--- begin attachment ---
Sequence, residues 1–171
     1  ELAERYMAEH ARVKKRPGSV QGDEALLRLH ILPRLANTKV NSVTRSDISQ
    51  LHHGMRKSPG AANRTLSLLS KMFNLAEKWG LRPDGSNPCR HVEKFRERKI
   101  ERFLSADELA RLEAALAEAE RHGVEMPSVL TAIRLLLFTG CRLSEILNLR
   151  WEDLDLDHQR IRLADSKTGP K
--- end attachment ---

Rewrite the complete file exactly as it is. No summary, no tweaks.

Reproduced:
Sequence, residues 1–171
     1  ELAERYMAEH ARVKKRPGSV QGDEALLRLH ILPRLANTKV NSVTRSDISQ
    51  LHHGMRKSPG AANRTLSLLS KMFNLAEKWG LRPDGSNPCR HVEKFRERKI
   101  ERFLSADELA RLEAALAEAE RHGVEMPSVL TAIRLLLFTG CRLSEILNLR
   151  WEDLDLDHQR IRLADSKTGP K